Health insurance is a great benefit to offer employees. According to the Bureau of Labor Statistics (BLS), 71% of all private industry businesses offer health benefits. But, what happens when employees want to opt out of employer health insurance? They waive coverage.
When an employee wants to waive coverage, you need to know what to do. Learn how health insurance affects payroll, how employees can opt out, and more.
Health insurance and payroll
Many times, health insurance is an employer-sponsored benefit. This means that employers pay part or all of the health insurance premium for each employee.
Offering health insurance isn’t just an attractive small business employee benefit. It might also be your responsibility. You must offer health insurance if you have over 50 full-time equivalent employees, according to the Affordable Care Act.
If employees must contribute toward their insurance, deduct the amount from their paychecks. When an employee decides to waive coverage, you do not withhold the amount from their wages.
When employees decide to waive coverage, you can save some money. You don’t need to pay a portion or all of the employee’s premium.
What is a waiver of coverage?
The beautiful part about benefits like health insurance is that employees are not required to participate. There is no penalty for opting out of coverage.
When an employee doesn’t want health insurance from their employer, they waive coverage. Or, employees can waive coverage on behalf of a family member who was previously under their plan. A waiver of coverage is a form employees sign to opt-out of insurance.
Employees can only waive coverage during certain time periods. Here are some examples of when employees can waive coverage:
- When the employee begins work at your business
- During open enrollment, which takes place toward the end of the year and allows employees to opt out of a health insurance plan
- If your business offers new coverage plans
- If the employee has a family status change, which is a qualifying life event that gives them the opportunity to remove benefits (e.g., marriage, divorce, birth)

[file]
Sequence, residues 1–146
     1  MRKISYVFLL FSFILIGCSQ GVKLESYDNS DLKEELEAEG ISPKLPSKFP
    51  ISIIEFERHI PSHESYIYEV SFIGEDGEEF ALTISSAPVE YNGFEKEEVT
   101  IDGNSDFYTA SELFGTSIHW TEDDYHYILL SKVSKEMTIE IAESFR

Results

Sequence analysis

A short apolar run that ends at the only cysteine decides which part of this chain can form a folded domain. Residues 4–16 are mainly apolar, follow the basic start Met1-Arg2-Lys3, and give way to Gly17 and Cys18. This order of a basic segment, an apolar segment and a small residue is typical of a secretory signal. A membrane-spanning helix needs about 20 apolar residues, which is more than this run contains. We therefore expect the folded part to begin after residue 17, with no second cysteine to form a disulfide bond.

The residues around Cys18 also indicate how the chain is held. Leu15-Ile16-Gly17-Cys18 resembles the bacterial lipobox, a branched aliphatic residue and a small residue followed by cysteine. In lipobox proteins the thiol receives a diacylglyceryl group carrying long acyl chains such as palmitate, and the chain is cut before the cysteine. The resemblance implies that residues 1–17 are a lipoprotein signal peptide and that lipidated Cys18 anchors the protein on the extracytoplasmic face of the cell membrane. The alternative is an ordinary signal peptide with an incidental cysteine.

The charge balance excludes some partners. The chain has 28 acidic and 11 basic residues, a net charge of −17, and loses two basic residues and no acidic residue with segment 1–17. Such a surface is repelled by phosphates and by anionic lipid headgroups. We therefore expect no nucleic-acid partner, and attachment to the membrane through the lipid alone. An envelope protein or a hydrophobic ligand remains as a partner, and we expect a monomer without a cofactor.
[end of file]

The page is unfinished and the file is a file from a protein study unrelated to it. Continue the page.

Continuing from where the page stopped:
Waiving coverage typically doesn’t last forever. During open enrollment, an employee can decide they want coverage even if they previously opted out. The employee doesn’t have to wait for open enrollment if they have a family status change.
Why would an employee waive coverage?
There are many reasons employees could have for opting out of health insurance. They might have a spouse with health insurance, they might still be on their parents’ plan, or they might receive better coverage through an independent plan.
Employee health insurance waiver form
If an employee wants to opt out of employer-sponsored insurance, give them a health insurance waiver form. You can obtain a waiver of coverage form from your insurance carrier.
The employee must include information like their name, Social Security number, who they are waiving coverage for, and why they are waiving coverage on the waiver of coverage form. Then, the employee must sign and date the form.
After the employee fills out the waiver form, do not withhold insurance premiums from their paychecks. Keep a copy of their health insurance waiver form in your payroll records for at least three years.
Employees might need to sign waive coverage forms annually if they do not want insurance. This will depend on your carrier. If employees must sign yearly, make sure to distribute and collect forms during open enrollment.
Coverage and your responsibilities
Knowing what to do when employees waive coverage can get confusing. Here’s a brief layout of your employer responsibilities:
- Offer health coverage to employees
- Obtain waive coverage forms from your carrier
- Distribute forms to employees if they opt out of coverage
- Collect and store forms for at least three years
- Do not withhold money from employees’ paychecks for insurance
- Do not pay for insurance on behalf of employees who waived coverage
- Add or remove employees/family members to plans as needed
Remember to stay organized, communicate the benefits of the plan to your employees, and talk with your insurance provider if you have any questions.
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This article has been updated from its original publication date of October 4, 2017.This is not intended as legal advice; for more information, please click here.